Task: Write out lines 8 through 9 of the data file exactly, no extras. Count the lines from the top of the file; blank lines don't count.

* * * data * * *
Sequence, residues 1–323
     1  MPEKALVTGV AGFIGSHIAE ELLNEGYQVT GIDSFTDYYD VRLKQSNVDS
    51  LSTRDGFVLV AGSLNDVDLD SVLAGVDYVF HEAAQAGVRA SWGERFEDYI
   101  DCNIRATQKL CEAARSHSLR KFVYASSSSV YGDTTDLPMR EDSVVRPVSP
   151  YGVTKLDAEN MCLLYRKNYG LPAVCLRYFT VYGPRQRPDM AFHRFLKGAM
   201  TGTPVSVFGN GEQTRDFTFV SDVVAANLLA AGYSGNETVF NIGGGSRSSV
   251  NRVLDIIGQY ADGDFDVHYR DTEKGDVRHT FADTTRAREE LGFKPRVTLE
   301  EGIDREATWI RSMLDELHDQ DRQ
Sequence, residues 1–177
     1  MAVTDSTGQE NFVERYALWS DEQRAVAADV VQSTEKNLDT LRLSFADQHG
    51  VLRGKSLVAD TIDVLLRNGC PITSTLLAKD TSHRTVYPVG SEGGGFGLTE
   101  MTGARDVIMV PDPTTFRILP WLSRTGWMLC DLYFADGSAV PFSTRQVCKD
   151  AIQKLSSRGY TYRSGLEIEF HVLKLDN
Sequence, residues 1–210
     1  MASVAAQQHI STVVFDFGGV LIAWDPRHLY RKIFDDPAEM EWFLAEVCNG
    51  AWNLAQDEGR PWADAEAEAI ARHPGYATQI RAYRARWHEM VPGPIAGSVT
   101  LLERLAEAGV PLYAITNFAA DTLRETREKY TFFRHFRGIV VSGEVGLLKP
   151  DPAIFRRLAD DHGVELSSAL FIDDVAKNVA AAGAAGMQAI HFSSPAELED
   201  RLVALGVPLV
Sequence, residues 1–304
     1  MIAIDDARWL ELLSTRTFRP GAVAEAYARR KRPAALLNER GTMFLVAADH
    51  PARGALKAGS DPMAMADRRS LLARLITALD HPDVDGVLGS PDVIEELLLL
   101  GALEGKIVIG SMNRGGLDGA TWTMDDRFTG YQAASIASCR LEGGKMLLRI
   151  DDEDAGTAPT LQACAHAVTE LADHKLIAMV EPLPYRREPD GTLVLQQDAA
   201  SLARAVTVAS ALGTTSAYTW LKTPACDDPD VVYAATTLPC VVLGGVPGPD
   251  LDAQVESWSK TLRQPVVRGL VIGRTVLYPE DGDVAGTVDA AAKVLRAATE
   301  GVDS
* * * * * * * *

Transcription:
   301  EGIDREATWI RSMLDELHDQ DRQ
Sequence, residues 1–177